Monday, May 16, 2011

The Eye

Being that our school does not have its own gym, my team is always scrambling for gym time. This forces me as the coach to be very creative--one day, we run stairs that adorn a local business, another day, we run to the bridge and back to school. Some days, we carve out a small swath of space outside, sandwiched between the cheerleaders and their tumbling mats and the latchkey kids who are taking their sweet time in getting home.
With all these distractions, I found it smart during a recent workout to have the players close their eyes as they dribbled the indoor basketballs on the asphalt outside the school. The idea is to have them work on game situations, in which they will hopefully have their heads up to see the floor and any openings in the defense. The fingertips do the work, locking in the good habit of dribbling the fall away from the palm of the hand for greater control.
After about ten minutes of constant dribbling--inside out, crossovers, front to back-- I gave the guys the okay to open their eyes. Our big man decided he liked the sensation and kept his eyes closed as the eyes of his teammates fixed on him.
His tall, skinny frame bent awkwardly at the waist, his right hand bent in front of him as a sort of buffer for the defense, he looked alternately ridiculous, lost, and in his own world.
His intensity, though, burned through, and he was no doubt in that zone that athletes talk about with the reverence of a prodigal son.
That zone, as slippery as it is enthralling, is what an athlete chases his whole life.
"Look," said a teammate, pointing at his still-squinting center, "Josh has The Eye."
And, that, I think to myself, is what I'm chasing some ten years after high school.

Sunday, May 15, 2011

Students versus Faculty Game

I'm not sure if it was the two Five Hour Energy bottles I downed five minutes before tipoff, or the excitement of a victory, but I didn't fall asleep until about 2:45 am a week ago. This was the night/morning after the teachers at my school took home a nine-point victory over the school's girls and boys basketball teams, and it might well have been a healthy dose of excitement that would not allow me to sleep. Apparently, these Five Hour Energy bottles will keep you up, and it seems fitting that one of the salves I relied on to prop me up for this Game of all Games kept me awake almost all night.
These salves included a pregame meal the likes of which I have not eaten in a long time--well, at least in the year since the last student/faculty basketball game. My carbohydrate count was similar to that of the cloudy-memoried meals I ate in my high school days, full of pasta and bread and cereal with just a little turkey on the bread and milk in the cereal for my protein totals.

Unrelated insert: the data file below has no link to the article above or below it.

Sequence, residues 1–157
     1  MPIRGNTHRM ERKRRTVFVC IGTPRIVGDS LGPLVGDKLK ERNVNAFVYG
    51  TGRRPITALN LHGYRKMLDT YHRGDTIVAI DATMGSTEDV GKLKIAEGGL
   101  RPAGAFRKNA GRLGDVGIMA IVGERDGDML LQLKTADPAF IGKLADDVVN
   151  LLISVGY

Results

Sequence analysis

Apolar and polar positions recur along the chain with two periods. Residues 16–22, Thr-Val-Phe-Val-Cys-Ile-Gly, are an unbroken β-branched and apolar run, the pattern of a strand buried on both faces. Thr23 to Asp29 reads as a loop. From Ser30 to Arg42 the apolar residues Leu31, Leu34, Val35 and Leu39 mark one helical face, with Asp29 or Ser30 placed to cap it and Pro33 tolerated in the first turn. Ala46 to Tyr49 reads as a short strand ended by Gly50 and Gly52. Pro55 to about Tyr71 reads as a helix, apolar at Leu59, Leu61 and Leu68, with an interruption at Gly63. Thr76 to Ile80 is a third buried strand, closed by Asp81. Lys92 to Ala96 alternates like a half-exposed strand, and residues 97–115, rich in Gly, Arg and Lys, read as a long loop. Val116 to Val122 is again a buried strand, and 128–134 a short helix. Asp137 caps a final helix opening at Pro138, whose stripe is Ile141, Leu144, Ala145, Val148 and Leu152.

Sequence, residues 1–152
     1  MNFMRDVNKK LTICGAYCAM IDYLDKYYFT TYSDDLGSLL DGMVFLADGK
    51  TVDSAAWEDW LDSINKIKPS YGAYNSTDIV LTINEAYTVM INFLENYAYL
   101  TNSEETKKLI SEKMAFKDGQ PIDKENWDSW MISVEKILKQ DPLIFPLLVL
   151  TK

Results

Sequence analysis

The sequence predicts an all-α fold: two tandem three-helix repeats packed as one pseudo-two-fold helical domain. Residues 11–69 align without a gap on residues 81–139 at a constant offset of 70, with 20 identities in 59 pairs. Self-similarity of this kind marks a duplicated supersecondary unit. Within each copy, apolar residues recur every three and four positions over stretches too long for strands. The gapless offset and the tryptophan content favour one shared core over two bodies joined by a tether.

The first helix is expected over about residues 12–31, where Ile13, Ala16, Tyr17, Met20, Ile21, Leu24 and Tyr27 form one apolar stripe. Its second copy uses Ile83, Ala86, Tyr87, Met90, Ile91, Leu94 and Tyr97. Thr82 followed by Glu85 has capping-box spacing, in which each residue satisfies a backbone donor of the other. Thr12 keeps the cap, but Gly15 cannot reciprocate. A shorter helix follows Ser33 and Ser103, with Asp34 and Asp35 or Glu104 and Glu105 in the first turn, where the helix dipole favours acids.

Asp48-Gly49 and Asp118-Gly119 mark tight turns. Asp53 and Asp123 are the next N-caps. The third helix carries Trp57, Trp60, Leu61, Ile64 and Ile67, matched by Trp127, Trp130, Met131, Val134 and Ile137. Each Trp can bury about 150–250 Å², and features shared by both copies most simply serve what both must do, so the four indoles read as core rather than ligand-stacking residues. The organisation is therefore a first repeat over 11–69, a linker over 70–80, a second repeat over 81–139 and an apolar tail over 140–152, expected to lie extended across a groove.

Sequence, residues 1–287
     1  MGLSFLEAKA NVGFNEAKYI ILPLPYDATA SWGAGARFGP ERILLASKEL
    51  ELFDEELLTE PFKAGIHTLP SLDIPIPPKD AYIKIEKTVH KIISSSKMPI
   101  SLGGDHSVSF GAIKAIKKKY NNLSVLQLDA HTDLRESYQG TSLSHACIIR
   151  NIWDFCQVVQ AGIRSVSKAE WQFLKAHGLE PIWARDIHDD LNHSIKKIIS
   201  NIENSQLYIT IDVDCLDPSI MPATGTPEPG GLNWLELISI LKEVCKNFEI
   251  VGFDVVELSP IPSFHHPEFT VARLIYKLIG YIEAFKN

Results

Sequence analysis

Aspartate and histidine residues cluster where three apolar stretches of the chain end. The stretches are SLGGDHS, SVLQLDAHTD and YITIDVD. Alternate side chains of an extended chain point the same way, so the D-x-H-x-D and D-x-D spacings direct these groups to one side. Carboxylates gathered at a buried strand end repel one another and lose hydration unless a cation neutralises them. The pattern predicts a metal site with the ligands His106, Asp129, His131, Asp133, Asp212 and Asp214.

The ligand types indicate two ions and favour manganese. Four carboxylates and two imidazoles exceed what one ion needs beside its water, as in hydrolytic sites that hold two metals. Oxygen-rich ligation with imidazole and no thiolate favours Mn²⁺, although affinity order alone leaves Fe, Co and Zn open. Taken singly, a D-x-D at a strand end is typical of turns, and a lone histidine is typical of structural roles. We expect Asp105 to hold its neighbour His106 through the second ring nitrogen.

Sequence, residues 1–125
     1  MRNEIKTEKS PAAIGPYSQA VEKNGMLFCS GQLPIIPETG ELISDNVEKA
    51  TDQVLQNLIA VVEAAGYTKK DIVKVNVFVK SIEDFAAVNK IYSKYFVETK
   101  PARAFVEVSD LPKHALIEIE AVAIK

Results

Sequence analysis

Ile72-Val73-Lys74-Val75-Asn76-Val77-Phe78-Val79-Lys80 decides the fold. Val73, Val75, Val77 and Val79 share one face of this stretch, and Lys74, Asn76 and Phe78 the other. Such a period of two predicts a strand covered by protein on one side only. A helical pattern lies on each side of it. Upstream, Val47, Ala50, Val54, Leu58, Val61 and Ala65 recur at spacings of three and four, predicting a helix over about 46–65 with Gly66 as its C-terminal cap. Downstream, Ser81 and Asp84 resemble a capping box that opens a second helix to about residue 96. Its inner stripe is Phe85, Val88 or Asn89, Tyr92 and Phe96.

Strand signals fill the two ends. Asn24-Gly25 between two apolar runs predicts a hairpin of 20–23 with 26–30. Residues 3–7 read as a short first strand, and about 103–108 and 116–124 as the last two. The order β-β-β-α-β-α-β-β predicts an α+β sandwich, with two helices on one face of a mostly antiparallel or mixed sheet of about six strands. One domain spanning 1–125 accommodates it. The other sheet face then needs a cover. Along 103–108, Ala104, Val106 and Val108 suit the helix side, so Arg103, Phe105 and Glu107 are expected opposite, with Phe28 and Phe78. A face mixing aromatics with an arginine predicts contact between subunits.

I drank two eight-ounce cups of water twenty minutes before the game, strengthening the base built by the three eight-ounce cups I drank an hour before tipoff.
My pregame ritual may have been laughable to an observer, as I couldn't help but think that I was doing the same stretches and rituals that I'd done some thirteen years before as a high school player. This night, though, my ardent pregame preparation would have to make up for the fact that I had not "done my homework."
The plan was (always a dangerous three words) that I would play three nights a week for four weeks. A week later, my basketball shoes still fresh in the closet, the plan was altered: three times a week for three weeks...until I soon found myself begging into a game to 11 with players who were probably born right around the years when I was playing JV basketball. This was the night before the real thing-the students awaited the next night.
Playing the role of distributor (I mean, c'mon, I couldn't just score every time on these young players!), I fooled myself into believing that not being a standout in a game featuring all mid-teenagers was not so much a function of terrible conditioning as of rustiness. Rustiness, I figured, would be eradicated with this one game reawakening my prodigious games. My shoes had been broken in, the wheels greased.
It was with none of the previous night's confidence that I awoke on game day, fully aware that my trash talk of the previous week was far ahead of my game's readiness.
It's not so much important that the teachers recruited two former (albeit, 40s in age) NFL players with tangential links to the school, or that our personnel director's brother (he of the twenty-point output and suffocating defense) was weakly and half-heartedly cited as a "substitute" to complaining students. It's not so important that the teachers mounted a huge comeback to turn an early 14-3 deficit into a 47-38 victory, helped by two big three-pointers and a few assists by yours truly. What I'll remember is an early maze of images--a big man guarding me after a defensive switch, my brain lighting up with delight, knowing I can drive by him to the basket. An awkward crossover, our footwork in lock-step, a tip-away, a steal. As I trail this big man as he approaches for a layup, the distance between us seems to lengthen, and I trail off like a cornerback conceding a touchdown to a streaking receiver. Fresh in my mind is the idea that "back in the day," I would have blocked the layup or at least forced a bad shot.
This turnover and layup were almost as strong in my mind as the fact that we'd won.
The next day, I resolved to play hoops more-you know, three times a week to stay up on my skills...
I have yet to lace 'em up.